City picks islandwide recycling method
The city will roll out its curbside recycling program to the rest of Oahu by giving each homeowner one refuse and one recycling pickup each week without the option to pay for additional trash service.
Recycle plan rolling out
Here is the city's schedule to bring curbside recycling to the rest of Oahu:
» November: Kuliouou to Manoa, Kapahulu; Kailua, Lanikai; Mokuleia to Sunset
» May 2009: Waipio Gentry to Halawa; Wahiawa, Whitmore, Waipio Estates, Laulani Valley; Kaneohe; Waimanalo
» November 2009: Foster Village to Makiki; Kahuku to Kahaluu
» May 2010: Makakilo to Waikele; Waipahu; Ewa Beach to West Loch; Honokai Hale to Makua
Source: City and County of Honolulu
The city Department of Environmental Services announced Tuesday that it selected the pickup method in Hawaii Kai, where the curbside recycling program is being done on an experimental basis.
"Definitely, we're going forward," said Marcus Owens, spokesman for the Environmental Services Department. He said the program will expand in September when the bins for 39,000 East Oahu homes are rolled out. The entire island will be converted by May 2010.
The voluntary curbside recycling project started with 18,500 homes in Hawaii Kai and Mililani in October, using a different method in the two communities. Some 96 percent in both communities recycled.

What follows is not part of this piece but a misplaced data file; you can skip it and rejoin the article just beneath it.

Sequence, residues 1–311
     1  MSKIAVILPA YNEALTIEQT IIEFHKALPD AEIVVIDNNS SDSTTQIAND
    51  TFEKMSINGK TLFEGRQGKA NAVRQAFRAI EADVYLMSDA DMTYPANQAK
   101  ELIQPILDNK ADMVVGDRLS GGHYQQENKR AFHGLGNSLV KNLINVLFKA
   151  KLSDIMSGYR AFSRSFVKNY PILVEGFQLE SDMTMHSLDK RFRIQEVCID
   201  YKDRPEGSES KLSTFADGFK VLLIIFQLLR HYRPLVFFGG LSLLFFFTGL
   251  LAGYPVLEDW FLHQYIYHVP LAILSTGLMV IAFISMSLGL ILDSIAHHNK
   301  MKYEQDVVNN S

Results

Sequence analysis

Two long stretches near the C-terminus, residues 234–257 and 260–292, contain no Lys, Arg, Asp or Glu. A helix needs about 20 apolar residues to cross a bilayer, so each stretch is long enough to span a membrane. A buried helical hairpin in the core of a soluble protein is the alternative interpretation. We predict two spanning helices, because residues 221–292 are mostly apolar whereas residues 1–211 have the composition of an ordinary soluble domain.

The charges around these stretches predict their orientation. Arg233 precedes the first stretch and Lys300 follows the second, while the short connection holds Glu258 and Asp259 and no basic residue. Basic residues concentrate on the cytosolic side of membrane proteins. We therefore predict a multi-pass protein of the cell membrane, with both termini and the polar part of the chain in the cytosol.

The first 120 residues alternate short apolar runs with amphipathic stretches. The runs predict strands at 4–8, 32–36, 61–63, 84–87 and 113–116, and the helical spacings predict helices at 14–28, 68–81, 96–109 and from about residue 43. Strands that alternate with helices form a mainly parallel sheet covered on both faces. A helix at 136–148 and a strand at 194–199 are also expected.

"What we present here is clearly that the Hawaii Kai method is the most efficient and feasible for the city," said Owens.
A study found limiting refuse pickups to once a week compelled Hawaii Kai residents to recycle more than Mililani residents, who had an option to pay for a second weekly refuse pickup.
While Mililani residents could pay $30 every three months for a second weekly refuse pickup, they recycled less than Hawaii Kai residents without the option, the report found.
Overall, Mililani recovered less recyclable material and green waste than Hawaii Kai despite having 3,900 more homes. Five percent of Mililani residents paid for an extra refuse pickup. Of those, 62 percent did not recycle.
Oahu voters mandated the city create a curbside recycling program in a City Charter amendment approved in November 2006.
Islandwide, residents generate 300,000 tons of rubbish a year, of which 137,000 tons are green waste and recyclable material.
In the program, residents have three trash bins: gray for refuse, blue for mixed recyclables, and green for green waste. Refuse pickup is once a week, while recycling pickup alternates each week between green waste and mixed recyclables.
The start-up cost for the program is expected to be $23.4 million to purchase 260,000 bins at $90 each. The operating costs for the recycling program will remain the same as the current refuse system, the report said.
Mililani will eventually be phased into the Hawaii Kai method.